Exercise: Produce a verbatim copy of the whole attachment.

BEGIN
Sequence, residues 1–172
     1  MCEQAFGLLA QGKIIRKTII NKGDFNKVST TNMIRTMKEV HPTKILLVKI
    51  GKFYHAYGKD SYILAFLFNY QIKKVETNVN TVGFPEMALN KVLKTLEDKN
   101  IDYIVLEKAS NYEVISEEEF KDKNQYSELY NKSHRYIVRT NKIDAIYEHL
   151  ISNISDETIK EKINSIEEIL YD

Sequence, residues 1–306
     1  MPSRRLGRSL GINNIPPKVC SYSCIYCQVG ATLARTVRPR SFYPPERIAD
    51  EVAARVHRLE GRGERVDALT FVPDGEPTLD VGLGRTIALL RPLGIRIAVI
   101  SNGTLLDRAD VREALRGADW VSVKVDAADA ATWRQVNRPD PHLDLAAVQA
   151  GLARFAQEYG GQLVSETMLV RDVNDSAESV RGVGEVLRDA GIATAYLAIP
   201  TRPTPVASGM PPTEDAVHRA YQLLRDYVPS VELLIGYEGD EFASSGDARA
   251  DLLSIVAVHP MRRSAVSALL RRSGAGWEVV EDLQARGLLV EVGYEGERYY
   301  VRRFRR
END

Sequence, residues 1–172
     1  MCEQAFGLLA QGKIIRKTII NKGDFNKVST TNMIRTMKEV HPTKILLVKI
    51  GKFYHAYGKD SYILAFLFNY QIKKVETNVN TVGFPEMALN KVLKTLEDKN
   101  IDYIVLEKAS NYEVISEEEF KDKNQYSELY NKSHRYIVRT NKIDAIYEHL
   151  ISNISDETIK EKINSIEEIL YD

Sequence, residues 1–306
     1  MPSRRLGRSL GINNIPPKVC SYSCIYCQVG ATLARTVRPR SFYPPERIAD
    51  EVAARVHRLE GRGERVDALT FVPDGEPTLD VGLGRTIALL RPLGIRIAVI
   101  SNGTLLDRAD VREALRGADW VSVKVDAADA ATWRQVNRPD PHLDLAAVQA
   151  GLARFAQEYG GQLVSETMLV RDVNDSAESV RGVGEVLRDA GIATAYLAIP
   201  TRPTPVASGM PPTEDAVHRA YQLLRDYVPS VELLIGYEGD EFASSGDARA
   251  DLLSIVAVHP MRRSAVSALL RRSGAGWEVV EDLQARGLLV EVGYEGERYY
   301  VRRFRR